Use and abuse of the strategic function of in fact and frankly when qualifying a standpoint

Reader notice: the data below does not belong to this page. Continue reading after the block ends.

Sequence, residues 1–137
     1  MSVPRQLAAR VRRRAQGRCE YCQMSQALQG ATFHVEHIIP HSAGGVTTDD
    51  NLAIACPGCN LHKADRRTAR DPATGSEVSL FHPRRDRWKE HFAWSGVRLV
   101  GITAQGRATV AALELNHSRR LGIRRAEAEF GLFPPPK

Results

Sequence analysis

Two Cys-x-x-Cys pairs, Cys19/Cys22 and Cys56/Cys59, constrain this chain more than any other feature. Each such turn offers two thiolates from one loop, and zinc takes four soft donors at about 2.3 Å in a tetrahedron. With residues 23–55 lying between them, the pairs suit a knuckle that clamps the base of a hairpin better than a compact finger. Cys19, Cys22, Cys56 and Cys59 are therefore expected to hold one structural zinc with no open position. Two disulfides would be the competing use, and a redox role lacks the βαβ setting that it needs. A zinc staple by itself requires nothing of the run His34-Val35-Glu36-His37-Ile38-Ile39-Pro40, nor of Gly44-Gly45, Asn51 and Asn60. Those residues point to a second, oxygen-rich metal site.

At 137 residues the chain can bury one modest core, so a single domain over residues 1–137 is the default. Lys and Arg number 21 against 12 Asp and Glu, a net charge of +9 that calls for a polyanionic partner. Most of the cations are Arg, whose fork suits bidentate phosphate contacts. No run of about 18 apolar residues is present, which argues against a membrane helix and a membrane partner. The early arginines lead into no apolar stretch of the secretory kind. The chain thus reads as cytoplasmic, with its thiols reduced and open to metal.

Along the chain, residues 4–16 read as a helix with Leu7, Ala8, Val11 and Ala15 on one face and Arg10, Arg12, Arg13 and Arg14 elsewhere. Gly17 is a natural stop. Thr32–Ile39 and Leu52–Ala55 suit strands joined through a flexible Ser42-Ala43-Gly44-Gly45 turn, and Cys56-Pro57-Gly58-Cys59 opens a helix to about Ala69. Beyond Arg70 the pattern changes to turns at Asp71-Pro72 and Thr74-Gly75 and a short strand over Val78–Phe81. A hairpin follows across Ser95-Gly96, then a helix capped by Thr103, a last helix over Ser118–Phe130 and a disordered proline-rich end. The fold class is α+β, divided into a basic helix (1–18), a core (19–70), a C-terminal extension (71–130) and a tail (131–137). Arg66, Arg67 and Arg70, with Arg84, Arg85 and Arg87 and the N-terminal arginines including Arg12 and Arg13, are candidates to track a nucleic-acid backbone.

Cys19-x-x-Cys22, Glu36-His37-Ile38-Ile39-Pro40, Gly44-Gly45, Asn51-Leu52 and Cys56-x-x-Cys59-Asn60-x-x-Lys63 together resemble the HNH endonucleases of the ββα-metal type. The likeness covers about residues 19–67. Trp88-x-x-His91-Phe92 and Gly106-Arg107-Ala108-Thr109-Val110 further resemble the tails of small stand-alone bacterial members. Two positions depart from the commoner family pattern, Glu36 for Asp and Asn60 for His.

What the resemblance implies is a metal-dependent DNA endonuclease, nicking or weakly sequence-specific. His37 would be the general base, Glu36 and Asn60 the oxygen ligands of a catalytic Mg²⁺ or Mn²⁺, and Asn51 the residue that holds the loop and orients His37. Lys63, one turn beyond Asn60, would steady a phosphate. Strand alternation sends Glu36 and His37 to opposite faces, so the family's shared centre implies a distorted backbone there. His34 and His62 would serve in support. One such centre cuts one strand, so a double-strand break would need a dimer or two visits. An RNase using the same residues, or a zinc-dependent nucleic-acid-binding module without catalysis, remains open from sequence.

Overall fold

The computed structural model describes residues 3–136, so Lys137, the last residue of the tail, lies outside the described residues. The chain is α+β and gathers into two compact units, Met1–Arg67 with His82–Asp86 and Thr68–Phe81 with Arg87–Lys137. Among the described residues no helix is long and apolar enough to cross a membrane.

This paper seeks to specify the strategic function of adverbs like in fact and frankly when used to qualify the utterance that functions as a standpoint in an argumentative discussion. The aim is to provide a description of their strategic function that takes into consideration the role that the move of advancing a standpoint plays in argumentative discourse. To this direction, the choice of qualifying is explained as a choice that the arguer makes in his attempt to manage the burden of proof that is incurred when advancing a standpoint. By combining the insights from the pragma-linguistic treatment of these adverbs with the theoretical premises of a systematic approach to the analysis of argumentative discourse it becomes possible to specify their strategic function and to evaluate those cases in which this strategic function has been abused to the detriment of the quality of argumentative discourse.